Date of Award


Document Type


Degree Name

Doctor of Philosophy (PhD)


Information Systems and Decision Sciences (Business Administration)

First Advisor

Helmut Schneider

Second Advisor

Edward Watson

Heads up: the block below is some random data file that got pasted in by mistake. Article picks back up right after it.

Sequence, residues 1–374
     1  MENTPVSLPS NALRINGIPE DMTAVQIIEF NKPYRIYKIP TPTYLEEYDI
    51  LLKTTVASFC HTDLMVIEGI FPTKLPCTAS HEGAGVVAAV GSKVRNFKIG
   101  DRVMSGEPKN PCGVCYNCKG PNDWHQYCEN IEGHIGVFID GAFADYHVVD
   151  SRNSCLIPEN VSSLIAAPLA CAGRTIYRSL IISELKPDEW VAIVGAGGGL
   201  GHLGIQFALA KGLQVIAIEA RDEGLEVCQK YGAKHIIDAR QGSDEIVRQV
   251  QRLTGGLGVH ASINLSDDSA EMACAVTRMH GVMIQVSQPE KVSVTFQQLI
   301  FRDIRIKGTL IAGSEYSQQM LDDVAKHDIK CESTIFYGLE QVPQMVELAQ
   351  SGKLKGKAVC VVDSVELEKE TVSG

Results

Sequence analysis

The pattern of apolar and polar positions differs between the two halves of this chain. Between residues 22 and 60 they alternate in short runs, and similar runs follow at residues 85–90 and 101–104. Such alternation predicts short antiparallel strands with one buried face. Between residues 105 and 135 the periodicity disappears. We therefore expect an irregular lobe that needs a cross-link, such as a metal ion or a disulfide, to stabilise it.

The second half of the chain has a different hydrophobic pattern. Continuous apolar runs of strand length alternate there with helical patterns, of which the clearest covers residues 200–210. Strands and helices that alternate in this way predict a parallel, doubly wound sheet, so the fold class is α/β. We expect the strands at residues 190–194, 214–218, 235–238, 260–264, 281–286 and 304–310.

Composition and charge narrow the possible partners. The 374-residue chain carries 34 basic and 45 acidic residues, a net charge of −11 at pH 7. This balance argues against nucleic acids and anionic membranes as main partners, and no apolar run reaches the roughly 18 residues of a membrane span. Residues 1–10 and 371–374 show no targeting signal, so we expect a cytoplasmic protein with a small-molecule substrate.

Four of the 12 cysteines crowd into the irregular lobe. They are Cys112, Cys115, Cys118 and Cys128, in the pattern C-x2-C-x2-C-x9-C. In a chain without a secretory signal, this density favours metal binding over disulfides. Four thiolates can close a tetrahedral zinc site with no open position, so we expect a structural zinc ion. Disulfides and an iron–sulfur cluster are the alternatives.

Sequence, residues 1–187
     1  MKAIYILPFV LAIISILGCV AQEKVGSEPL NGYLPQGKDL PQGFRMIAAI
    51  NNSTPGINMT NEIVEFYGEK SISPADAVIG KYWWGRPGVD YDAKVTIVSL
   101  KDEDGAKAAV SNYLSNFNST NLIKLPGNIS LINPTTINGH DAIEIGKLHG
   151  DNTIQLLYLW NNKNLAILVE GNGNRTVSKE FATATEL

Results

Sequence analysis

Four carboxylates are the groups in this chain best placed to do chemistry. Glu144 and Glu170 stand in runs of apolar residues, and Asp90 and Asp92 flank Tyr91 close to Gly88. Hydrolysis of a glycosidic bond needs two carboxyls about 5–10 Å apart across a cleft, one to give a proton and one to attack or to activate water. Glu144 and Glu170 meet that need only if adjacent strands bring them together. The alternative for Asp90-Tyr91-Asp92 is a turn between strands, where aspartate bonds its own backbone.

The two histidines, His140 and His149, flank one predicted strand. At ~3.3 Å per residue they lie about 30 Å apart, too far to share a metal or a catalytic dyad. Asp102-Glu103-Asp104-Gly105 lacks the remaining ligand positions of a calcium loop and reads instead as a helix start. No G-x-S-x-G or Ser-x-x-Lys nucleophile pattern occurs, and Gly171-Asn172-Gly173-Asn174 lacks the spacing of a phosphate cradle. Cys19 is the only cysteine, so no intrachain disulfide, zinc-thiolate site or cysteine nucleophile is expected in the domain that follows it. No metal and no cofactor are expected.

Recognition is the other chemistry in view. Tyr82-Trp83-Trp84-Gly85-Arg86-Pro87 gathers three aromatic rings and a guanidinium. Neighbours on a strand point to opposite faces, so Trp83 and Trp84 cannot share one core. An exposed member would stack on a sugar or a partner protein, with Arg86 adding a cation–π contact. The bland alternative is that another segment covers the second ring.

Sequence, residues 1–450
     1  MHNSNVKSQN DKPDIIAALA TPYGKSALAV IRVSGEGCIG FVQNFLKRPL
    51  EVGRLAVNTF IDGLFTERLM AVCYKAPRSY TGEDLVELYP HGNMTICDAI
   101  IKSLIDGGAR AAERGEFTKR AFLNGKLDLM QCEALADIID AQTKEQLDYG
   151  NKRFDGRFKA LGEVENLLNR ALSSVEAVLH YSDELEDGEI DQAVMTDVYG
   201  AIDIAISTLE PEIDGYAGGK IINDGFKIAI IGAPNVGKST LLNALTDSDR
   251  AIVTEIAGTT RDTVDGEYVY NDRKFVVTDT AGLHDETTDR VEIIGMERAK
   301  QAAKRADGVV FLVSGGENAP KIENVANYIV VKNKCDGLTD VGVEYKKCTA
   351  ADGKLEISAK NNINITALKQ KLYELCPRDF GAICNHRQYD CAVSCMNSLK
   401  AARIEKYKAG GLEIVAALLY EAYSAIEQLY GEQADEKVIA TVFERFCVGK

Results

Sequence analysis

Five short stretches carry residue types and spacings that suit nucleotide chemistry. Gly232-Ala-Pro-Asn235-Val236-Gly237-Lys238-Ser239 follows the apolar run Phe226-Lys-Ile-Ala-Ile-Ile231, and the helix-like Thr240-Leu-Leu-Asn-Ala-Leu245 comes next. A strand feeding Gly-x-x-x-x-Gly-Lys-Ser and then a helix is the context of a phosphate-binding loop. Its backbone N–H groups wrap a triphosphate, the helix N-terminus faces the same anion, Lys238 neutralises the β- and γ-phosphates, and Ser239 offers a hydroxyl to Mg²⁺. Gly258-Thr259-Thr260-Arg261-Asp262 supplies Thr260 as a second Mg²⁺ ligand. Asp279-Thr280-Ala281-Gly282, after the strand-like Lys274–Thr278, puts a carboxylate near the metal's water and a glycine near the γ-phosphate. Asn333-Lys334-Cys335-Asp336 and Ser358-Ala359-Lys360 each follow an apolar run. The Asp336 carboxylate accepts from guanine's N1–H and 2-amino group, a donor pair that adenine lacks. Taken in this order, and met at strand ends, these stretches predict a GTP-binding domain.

The management of multi-echelon inventory systems has been both an important and challenging research area for many years. The rapid advance in information technology and the emphasis on integrated supply chain management have new implications for the successful operation of distribution systems. This research focuses on the study of some fundamental issues related to the operation of a multilocation inventory system with centralized information. First, we do a comparative analysis to evaluate the overall performance of individual versus centralized ordering policies for a multi-store distribution system where centralized information is available. This study integrates the existing research and clarifies one of the fundamental questions facing inventory managers today: whether or not ordering decisions should be centralized. Next, we consider a multi-store distribution system where emergency transshipments are permitted among these stores. Based on some simplifying assumptions, we develop an integrated model with a joint consideration of inventory and transshipment components. An approximately optimal (s, S) policy is obtained through a dynamic programming technique. This ordering policy is then compared with a simplified policy that assumes free and instantaneous transshipments. We also examine the relative performance of base stock policies for a centralized-ordering distribution system. Numerical studies are provided to give general guidelines for use of the policies.